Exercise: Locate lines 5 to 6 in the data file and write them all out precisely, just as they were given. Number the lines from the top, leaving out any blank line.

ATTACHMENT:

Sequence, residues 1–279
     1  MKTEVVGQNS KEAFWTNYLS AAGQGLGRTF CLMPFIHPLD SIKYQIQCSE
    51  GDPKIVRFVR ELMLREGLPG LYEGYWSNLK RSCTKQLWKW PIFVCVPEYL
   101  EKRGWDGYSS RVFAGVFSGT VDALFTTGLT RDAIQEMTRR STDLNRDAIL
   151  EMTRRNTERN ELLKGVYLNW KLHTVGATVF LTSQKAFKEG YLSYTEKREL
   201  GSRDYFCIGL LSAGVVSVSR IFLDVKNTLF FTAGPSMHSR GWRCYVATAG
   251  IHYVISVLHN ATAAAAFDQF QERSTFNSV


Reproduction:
   151  EMTRRNTERN ELLKGVYLNW KLHTVGATVF LTSQKAFKEG YLSYTEKREL
   201  GSRDYFCIGL LSAGVVSVSR IFLDVKNTLF FTAGPSMHSR GWRCYVATAG